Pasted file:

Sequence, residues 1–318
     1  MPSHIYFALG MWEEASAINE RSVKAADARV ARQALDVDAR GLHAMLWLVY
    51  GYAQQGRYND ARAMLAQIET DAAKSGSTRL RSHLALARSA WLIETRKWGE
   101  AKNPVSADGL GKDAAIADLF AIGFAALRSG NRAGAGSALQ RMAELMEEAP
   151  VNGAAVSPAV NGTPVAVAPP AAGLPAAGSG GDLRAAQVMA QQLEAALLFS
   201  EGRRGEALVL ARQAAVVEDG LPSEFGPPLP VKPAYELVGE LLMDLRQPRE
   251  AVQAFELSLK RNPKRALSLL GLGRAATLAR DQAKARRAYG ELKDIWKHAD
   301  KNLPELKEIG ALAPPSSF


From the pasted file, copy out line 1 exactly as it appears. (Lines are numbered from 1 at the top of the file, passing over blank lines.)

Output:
Sequence, residues 1–318